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Wastewater Research Could Hold a Key to Long-Term Public Health

Professors have developed a powerful tool to safeguard communities against future disease outbreaks and to support public health.

In the earliest days of the COVID-19 pandemic, scientists at Syracuse University seized an opportunity to create a disease-monitoring infrastructure that is already having far-reaching public health benefits.

The idea is simple: measure traces of the virus in community wastewater. When the levels increase, it’s an early sign that the risk of transmission in the area is growing. The sewage tells the story, giving public health experts a three- to five-day warning of the need to protect communities through steps like social distancing advisories.

“Early on in the pandemic, a wastewater surveillance system would’ve been fantastic for many of the counties in New York state, but we didn’t have it built,” says epidemiologist David Larsen, who spearheaded the research project with an interdisciplinary team of experts in coordination with the New York State Department of Health.

One of the reasons for building this wastewater surveillance infrastructure is to improve our health security for the next emerging pathogen.

—Professor David Larsen

Today, a statewide surveillance system is well on its way to being complete. “My goal was to build the infrastructure for New York state,” Larsen explains. “That includes the data. It includes relationships with the wastewater treatment plants. It includes the knowledge to make this an actionable, useful tool for local health departments and the public.” Larsen is also an integral member of the University’s Public Health Team, which leads the University’s pandemic response.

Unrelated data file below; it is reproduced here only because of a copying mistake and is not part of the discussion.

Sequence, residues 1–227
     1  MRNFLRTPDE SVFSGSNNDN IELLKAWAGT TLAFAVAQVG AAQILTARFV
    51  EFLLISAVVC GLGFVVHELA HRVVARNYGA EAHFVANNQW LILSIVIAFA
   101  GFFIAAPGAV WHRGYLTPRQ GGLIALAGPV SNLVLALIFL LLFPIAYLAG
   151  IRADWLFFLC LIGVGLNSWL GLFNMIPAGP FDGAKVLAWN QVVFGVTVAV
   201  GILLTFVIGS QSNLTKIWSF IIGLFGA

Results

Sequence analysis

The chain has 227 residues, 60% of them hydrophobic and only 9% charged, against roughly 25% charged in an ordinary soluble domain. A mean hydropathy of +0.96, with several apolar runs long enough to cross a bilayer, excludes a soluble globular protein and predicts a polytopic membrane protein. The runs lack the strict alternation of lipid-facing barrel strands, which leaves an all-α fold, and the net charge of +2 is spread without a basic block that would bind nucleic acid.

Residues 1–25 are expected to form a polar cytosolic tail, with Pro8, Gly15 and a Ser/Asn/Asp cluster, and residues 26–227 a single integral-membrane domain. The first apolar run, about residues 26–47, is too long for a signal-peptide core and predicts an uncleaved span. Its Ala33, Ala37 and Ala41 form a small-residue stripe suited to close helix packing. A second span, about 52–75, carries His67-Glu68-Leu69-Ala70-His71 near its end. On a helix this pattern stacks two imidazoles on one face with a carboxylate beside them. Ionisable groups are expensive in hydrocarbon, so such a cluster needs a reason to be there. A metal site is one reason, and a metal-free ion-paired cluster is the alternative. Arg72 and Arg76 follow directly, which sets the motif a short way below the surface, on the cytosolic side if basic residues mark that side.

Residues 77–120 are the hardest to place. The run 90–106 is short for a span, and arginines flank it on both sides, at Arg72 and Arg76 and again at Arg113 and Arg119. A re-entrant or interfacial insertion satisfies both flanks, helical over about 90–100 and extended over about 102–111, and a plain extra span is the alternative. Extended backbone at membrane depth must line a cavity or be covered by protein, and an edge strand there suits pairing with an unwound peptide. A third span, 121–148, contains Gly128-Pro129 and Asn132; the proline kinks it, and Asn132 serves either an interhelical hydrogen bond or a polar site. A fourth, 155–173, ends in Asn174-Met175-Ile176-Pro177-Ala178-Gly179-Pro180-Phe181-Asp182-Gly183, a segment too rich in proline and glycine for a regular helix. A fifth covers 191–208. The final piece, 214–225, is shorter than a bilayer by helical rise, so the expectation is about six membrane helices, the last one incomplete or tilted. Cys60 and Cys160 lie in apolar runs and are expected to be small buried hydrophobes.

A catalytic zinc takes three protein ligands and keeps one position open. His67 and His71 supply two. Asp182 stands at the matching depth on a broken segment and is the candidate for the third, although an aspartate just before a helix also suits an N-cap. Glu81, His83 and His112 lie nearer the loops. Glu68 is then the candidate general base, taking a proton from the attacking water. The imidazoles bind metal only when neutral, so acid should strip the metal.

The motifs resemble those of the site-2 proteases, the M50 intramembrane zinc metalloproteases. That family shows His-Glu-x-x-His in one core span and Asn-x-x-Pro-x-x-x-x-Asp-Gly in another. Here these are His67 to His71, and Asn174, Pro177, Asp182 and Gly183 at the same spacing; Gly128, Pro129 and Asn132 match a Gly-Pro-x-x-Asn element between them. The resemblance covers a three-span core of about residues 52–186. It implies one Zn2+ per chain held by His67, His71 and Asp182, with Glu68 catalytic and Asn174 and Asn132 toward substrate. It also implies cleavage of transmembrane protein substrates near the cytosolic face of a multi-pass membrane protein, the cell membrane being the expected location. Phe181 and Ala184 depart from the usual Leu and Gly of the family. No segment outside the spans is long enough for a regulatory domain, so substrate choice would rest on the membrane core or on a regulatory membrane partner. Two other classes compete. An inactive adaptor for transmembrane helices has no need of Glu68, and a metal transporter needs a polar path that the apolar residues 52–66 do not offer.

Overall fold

Now Larsen and colleagues in the Falk College are harnessing the power of this infrastructure to protect public health through the rest of this pandemic and far beyond.

Group of professionals around a conference room table discussing over papers and charts.

Professors David Larsen, Brittany Kmush and Dessa Bergen-Cico (from left) work closely with postdoctoral researchers and students, who are an integral part of the University’s interdisciplinary wastewater surveillance efforts.

Seeing the Whole Iceberg

Wastewater surveillance offers not only an early warning of potential virus transmission but a more complete picture. “One of the challenges with individual testing is that you have to get all those individuals to get tested,” explains Professor Brittany Kmush, a vaccine expert at Falk and a member of the Public Health Team. “Wastewater surveillance helps capture data from people who don’t go to the doctor, since most people who get COVID don’t get very, very sick, and we can miss them in a lot of our traditional surveillance methods.”

The result is a more comprehensive, objective measure of the presence of disease at the population level within a particular community.

Wastewater surveillance helps capture data from people who don’t go to the doctor, since most people who get COVID don’t get very, very sick, and we can miss them in a lot of our traditional surveillance methods.

Professor Brittany Kmush